There was a sense of excitement at Ruby Kaigi, it felt like everyone was really excited about getting to share their love of Ruby. We saw a talk about how to run mruby on Sega MegaDrive; we also attended a talk about the future of concurrent processing in Ruby and how exciting the world of Falcon and ActiveRecord on Rails 7.1 looks.

The RubyKaigi stage and many RubyKaigi attendees sitting in a large hall, many with laptops

This year’s venue for RubyKaigi

I was pretty excited to attend first in-person RubyKaigi since COVID-19 pandemic started. (And the first big, in-person conference in years). RubyKaigi is still the same wonderful, rare kind of conference that combines a wild selection of hardcore topics and top-class organization—for a more than affordable fee. It was fun, it was weird, it was good. Can’t wait for the next one.

After Ruby Kaigi, I headed to Ise Jingu Shrine with some Ruby friends. It was such a great experience getting to feel the atmosphere of this holy shrine alongside other Rubyists. Plus, the food was great!

Sampo takes a selfie at Ise Jingu Shrine. There are many people walking around at the shrine

Extraordinary experiences are another perk of life in Japan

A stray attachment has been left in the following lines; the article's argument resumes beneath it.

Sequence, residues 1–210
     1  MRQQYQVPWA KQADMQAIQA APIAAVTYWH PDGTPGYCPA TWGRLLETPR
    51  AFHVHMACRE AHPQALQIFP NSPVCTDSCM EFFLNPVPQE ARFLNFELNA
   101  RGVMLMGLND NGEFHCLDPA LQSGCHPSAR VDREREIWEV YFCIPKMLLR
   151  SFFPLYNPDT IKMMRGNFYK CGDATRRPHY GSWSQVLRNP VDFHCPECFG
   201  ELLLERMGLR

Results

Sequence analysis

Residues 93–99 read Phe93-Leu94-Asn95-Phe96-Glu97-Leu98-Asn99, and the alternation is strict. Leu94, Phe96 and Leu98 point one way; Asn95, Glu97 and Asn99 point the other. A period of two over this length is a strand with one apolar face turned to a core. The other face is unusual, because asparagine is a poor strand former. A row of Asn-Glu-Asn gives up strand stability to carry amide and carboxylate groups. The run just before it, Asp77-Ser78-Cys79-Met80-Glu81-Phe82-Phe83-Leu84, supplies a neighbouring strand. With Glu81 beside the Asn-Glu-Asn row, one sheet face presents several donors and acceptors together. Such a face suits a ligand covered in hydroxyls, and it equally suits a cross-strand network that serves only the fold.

I got to meet some pretty nice people. Matz even retweeted this photo me and my Ruby friends eating shaved ice!

On the way back to Osaka, I decided to splurge on the premium seat. It was 400 yen more, but I think it was completely worth it. I hope to see you next year in Matsumoto City, Japan, to celebrate Ruby Kaigi 2023!

The first offline RubyKaigi since the pandemic began gave me hope.

Hope that the world will be normal again someday. What’s more, even TRICK was back! More than anything else, this contest demonstrates that Ruby is a hell of a lot of fun! Want to feel again like a kid who just wrote his first HelloWorld program? Check out the jury’s talk. What can I say? “Ruby is dead”. And I’m incredibly happy because that means another RubyKaigi next year.

Finally, there’s no need to wait for more Ruby goodness in Japan; the Evil Martians team really wants to give back and contribute to the Japanese Ruby community as much as we can. On that note, we already look forward to our own Andrey Novikov speaking at the upcoming Kaigi on Rails 2022!

Evil Martians is a product development consultancy with offices around the world, including in Osaka, Japan! We work with startups and established businesses—and we get things done! So, if you have a project in need, get in touch with us!

Join our email newsletter

Get all the new posts delivered directly to your inbox. Unsubscribe anytime.

In the same orbit

How can we help you?

Martians at a glance
years in business

We transform growth-stage startups into unicorns, build developer tools, and create open source products.

If you prefer email, write to us at